Michigan AD Dave Brandon says facing Alabama on a Texas-sized stage is a terrific opportunity
Brandon said Friday morning on WTKA that the logistics and details of a one-time shot with the Crimson Tide made the deal complicated. But ultimately, given the exposure it provided the program was worth it.
Michigan will face Alabama on Sept. 1, 2012 in the annual Cowboys Stadium Showcase.
"I just thought it was a terrific opportunity for our team, our coaches and our fans," Brandon said. "But we got the numbers right, we worked really hard to make sure there was plentiful availability of tickets, because we wanted to get that right for our fans. We hope to think of this as a preseason bowl trip where we can bring lots of people and really make it a special Labor Day weekend."
Brandon, who also is responsible for lining up Michigan Stadium's first night game next season against Notre Dame, said he had been working on a neutral site game since early in his tenure as Michigan's athletic director.
Brandon said Friday he began having discussions with university officials and the school's boards of advisors about a "very rare, but exceptional and special basis" that would land the Wolverines in a prime-time environment. Such an opportunity, Brandon said, afforded the chance to create big match-ups in "real and very interesting venues."
He said initial possibilities included a trip to New Meadowlands Stadium in New Jersey, an idea that never developed. Brandon said he was contacted by ESPN, which along with Dallas Cowboys' owner Jerry Jones, initiated the idea of bringing Michigan to Jones' 80,000-seat football palace.
"I had an availability and an interest, and things started to bubble," Brandon said. "The next thing you know, we got it done."
In a phone interview Friday afternoon, Brandon said the deal included a number of moving part involving interests representing both schools, both conferences, two television networks and Jones himself.
The deal also included negotiating a dollar amount that made it worth surrendering a home game in exchange for traveling to Dallas to face the Crimson Tide. Brandon declined to specify what number was given to ESPN when discussions reached the point of talking money, but said he wouldn't have done the deal unless it made financial sense.
"The numbers had to work," Brandon said. "We were not going to be penalized (for giving up the home opener) and that was something that was communicated to ESPN when they called."
Brandon said the university alumni association has begun working on travel packages for fans that will be comparable to those offered for post-season bowl appearances. He said officials have already began planning out tailgating and entertainment space around the venue that will help make the fan experience as enjoyable as possible.
That information, along with ticketing plans, will be announced in the future, Brandon said.
On Thursday night, Michigan football coach Rich Rodriguez said the deal was welcom news to his coaches and players, saying facing Alabama was "a great opener."
Brandon said adding Alabama created interesting scheduling scenarios, especially with the Big Ten adding Nebraska next season. But he said taking Notre Dame off the 2012 slate was never an option. In 2012, the Wolverines will face the Irish, Nebraska, Purdue, Minnesota and Ohio State - all on the road.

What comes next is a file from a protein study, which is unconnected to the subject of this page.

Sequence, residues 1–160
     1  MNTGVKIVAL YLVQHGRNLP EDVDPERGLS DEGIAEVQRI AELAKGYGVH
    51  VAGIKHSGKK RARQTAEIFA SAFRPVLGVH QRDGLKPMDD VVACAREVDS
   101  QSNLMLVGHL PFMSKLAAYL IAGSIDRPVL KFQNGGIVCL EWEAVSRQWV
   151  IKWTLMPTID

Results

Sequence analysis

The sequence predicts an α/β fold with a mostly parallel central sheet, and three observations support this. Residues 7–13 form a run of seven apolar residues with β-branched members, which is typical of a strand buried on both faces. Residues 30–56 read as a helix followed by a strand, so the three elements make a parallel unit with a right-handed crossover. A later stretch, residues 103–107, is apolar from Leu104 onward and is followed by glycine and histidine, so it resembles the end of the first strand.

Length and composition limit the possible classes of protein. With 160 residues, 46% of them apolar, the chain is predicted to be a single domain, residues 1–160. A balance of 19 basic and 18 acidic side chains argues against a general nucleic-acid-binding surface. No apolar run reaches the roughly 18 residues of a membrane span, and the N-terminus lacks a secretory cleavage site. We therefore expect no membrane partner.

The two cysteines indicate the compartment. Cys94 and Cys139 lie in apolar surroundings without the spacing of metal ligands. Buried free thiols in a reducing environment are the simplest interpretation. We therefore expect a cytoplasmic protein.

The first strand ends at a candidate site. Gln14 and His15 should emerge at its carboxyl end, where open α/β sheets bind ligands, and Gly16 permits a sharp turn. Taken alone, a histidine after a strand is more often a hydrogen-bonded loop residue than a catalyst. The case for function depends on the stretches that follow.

Brandon said he didn't feel it was right to back out of a deal with Notre Dame. He said he continues to work on a long-term schedule with Notre Dame athletic director Jack Swarbrick.
"What I'm really focused on is that in that point in time that we go to a nine-game conference schedule," Brandon said. "It's going to be even more limiting in terms of who and how we schedule our non-conference games."
Brandon said the flexibility in scheduling would allow Michigan to occasionally play schools like Alabama, which are traditionally tough to sign to a home-and-home contract.
In other news:
Brandon said Friday that installation of permanent lighting at Michigan Stadium will begin Nov. 21, the day after Michigan completes its home schedule against Wisconsin. The lighting are planned to be installed in time for the Michigan hockey team's outdoor game Dec. 11 against Michigan State.
Brandon also said he continues to work diligently on improving the scoreboards inside Michigan Stadium. He said experts in that area were in town last weekend for the Michigan State game. He said school officials are looking at enhancing scoreboard technology not only inside the stadium, but inside Crisler Arena and Yost Ice Arena. "Part of what you have to do is you have to put in a whole new backbone in terms of the infrastructure and I'm passionately committed to making that happen."
Brandon also described what a typical football Saturday involves for him personally. He said he arrives at the stadium several hours before kickoff and has a pre-set slate of people to see and places to visit. He said those meetings take place right up until game time when he will spend typically the first quarter on the field. He normally situates himself close to the bench which gives him a feel for "what's going on with the players and it gives me up up close, personal view to how the players are reacting to different situations and to see how the coaches are coaching." Brandon said he then moves up to the luxury box area where he host a number of donors and other friends before returning to the field near the end of the game. Brandon also typically attends Rodriguez's post-game press conference.